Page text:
Betty Willis, who died last week, created the iconic 1959 sign welcoming visitors to the centre of the gambling universe. Yet much of her work has since been destroyed
Timing is half the battle. Baron Haussmann was lucky enough to be hanging around Paris at the exact moment Napoleon III thought it could do with a refit. Christopher Wren had the good fortune to be alive at the time of Britain’s worst bakery fire. And Betty Willis happened to be working for a sign manufacturer in Las Vegas when the twin forces of modish Googie architecture and the leisure era came together to cut it a singularly brash neon destiny.
Willis, who died on 19 April, aged 92, was the artist behind the world’s most famous city sign: Welcome to Fabulous Las Vegas. Since 1959, it has stood at the foot of the main drag, welcoming visitors to (fabulous) Las Vegas with seven silver dollars circling the “Welcome”, and an eight-pointed star signalling arrival at the gambler’s Bethlehem.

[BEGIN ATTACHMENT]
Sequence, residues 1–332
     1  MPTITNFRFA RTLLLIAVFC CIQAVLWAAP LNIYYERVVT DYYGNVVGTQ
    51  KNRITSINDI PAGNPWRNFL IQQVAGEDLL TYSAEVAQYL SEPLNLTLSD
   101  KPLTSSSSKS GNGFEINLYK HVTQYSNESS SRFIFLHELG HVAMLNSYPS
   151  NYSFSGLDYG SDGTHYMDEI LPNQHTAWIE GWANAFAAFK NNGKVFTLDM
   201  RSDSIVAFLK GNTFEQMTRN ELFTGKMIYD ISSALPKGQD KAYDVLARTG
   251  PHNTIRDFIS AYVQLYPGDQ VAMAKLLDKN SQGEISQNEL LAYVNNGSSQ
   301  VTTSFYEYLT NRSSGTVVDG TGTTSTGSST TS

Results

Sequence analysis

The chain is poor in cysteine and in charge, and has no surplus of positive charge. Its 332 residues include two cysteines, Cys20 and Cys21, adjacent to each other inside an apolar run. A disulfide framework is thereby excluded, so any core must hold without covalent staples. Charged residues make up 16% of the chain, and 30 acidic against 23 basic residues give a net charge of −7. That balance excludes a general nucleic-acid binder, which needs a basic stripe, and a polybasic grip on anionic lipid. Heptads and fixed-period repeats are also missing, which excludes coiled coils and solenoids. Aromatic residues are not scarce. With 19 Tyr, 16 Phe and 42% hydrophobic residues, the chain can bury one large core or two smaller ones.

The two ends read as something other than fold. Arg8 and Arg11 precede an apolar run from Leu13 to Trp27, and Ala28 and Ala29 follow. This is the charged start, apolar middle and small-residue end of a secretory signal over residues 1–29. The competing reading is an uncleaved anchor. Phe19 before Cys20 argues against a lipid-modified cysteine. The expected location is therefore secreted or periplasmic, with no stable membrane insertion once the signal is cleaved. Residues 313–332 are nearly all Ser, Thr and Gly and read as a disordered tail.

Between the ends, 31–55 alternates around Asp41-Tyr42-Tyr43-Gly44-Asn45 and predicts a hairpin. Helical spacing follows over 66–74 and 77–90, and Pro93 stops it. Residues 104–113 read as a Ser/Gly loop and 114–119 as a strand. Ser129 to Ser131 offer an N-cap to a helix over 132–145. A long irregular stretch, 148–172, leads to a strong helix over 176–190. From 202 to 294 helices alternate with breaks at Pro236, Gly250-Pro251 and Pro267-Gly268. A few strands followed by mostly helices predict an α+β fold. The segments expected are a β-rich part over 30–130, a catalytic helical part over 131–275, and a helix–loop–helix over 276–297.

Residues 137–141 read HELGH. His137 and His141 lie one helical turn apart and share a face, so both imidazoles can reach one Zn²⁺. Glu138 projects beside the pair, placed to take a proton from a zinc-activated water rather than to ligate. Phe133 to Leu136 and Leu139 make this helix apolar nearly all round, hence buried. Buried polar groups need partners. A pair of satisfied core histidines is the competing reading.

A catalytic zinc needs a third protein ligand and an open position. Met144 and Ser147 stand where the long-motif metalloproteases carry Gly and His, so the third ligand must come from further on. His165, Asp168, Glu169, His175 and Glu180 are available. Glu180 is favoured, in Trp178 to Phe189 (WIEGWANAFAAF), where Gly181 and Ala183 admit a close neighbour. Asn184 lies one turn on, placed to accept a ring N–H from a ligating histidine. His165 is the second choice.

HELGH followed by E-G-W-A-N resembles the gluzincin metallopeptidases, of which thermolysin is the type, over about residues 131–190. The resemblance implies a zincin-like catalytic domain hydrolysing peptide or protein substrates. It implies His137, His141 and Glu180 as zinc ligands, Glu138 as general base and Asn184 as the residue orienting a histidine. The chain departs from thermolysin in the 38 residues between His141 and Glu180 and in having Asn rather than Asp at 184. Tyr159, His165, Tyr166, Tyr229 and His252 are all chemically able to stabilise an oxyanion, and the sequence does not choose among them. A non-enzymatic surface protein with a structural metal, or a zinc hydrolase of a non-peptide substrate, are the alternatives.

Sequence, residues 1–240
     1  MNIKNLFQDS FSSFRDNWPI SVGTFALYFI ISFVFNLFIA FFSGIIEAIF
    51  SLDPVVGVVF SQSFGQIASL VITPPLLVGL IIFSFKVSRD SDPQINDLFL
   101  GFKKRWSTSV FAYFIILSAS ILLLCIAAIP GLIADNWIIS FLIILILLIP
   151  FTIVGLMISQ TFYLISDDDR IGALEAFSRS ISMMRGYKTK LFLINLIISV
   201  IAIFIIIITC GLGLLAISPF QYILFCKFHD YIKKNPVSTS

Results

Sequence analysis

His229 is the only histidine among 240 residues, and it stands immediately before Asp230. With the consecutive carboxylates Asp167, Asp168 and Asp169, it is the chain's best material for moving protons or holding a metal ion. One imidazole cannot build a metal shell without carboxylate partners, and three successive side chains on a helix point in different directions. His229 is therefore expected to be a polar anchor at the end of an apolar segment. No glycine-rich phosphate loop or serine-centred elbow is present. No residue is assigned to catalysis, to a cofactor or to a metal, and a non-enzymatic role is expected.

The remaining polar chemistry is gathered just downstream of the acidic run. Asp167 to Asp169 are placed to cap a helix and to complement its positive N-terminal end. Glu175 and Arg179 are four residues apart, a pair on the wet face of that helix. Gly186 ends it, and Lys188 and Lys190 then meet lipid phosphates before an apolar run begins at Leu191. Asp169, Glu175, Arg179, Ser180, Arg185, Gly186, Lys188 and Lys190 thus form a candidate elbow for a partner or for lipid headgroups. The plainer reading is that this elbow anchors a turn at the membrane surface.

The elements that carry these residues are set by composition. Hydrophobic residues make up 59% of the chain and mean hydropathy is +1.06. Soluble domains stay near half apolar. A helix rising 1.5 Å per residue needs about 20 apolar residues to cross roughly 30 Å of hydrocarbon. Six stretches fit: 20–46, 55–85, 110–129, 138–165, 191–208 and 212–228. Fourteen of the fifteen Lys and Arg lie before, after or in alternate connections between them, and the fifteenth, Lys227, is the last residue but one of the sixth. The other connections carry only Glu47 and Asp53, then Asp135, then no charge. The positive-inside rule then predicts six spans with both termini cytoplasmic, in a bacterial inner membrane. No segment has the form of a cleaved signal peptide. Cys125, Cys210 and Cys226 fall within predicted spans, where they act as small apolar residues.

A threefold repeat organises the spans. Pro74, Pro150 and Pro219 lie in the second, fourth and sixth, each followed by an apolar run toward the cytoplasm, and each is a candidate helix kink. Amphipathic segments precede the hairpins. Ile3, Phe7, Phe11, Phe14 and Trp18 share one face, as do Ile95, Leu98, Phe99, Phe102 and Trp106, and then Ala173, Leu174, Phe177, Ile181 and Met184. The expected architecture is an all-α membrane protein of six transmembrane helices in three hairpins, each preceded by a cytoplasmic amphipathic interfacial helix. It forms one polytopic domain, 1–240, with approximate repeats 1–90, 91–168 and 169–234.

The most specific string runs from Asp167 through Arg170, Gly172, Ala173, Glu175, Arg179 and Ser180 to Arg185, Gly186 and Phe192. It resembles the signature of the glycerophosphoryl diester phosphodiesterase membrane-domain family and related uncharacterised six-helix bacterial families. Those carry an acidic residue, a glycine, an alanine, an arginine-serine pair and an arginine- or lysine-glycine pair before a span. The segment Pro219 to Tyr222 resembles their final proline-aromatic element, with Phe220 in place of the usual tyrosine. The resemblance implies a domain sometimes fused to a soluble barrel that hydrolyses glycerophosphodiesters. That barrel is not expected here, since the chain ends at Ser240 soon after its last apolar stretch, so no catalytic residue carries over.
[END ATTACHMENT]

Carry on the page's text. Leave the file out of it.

But even by the time she made the now-iconic sign, gifted to the city by her firm Western Neon, Willis was building her own take on Googie: a language of design nowadays spoken mainly in our kitsch appreciation of its naive dreams of a brighter tomorrow.
Her Blue Angel Motel commission greeted travellers forking off the I-515 with a 30ft blue angel, pointing her wand toward the motel below. Willis made the figurine voluptuous, and in response to criticisms of the outsized breasts, said only: “Well, you show me an angel and I’ll draw her.” […]